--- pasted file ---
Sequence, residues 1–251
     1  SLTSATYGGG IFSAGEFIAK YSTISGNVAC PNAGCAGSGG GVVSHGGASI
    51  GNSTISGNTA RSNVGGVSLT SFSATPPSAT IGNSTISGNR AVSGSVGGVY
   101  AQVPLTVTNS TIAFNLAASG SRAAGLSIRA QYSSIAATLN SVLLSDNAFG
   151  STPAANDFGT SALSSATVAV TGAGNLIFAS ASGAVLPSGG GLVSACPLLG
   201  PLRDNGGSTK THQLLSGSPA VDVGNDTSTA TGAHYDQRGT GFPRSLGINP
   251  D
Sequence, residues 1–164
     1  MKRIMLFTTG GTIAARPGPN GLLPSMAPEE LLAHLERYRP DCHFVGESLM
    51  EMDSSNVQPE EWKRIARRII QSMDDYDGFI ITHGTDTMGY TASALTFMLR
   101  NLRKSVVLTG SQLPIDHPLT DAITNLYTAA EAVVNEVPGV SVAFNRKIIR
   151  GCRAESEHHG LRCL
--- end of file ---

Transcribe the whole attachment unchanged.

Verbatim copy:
Sequence, residues 1–251
     1  SLTSATYGGG IFSAGEFIAK YSTISGNVAC PNAGCAGSGG GVVSHGGASI
    51  GNSTISGNTA RSNVGGVSLT SFSATPPSAT IGNSTISGNR AVSGSVGGVY
   101  AQVPLTVTNS TIAFNLAASG SRAAGLSIRA QYSSIAATLN SVLLSDNAFG
   151  STPAANDFGT SALSSATVAV TGAGNLIFAS ASGAVLPSGG GLVSACPLLG
   201  PLRDNGGSTK THQLLSGSPA VDVGNDTSTA TGAHYDQRGT GFPRSLGINP
   251  D
Sequence, residues 1–164
     1  MKRIMLFTTG GTIAARPGPN GLLPSMAPEE LLAHLERYRP DCHFVGESLM
    51  EMDSSNVQPE EWKRIARRII QSMDDYDGFI ITHGTDTMGY TASALTFMLR
   101  NLRKSVVLTG SQLPIDHPLT DAITNLYTAA EAVVNEVPGV SVAFNRKIIR
   151  GCRAESEHHG LRCL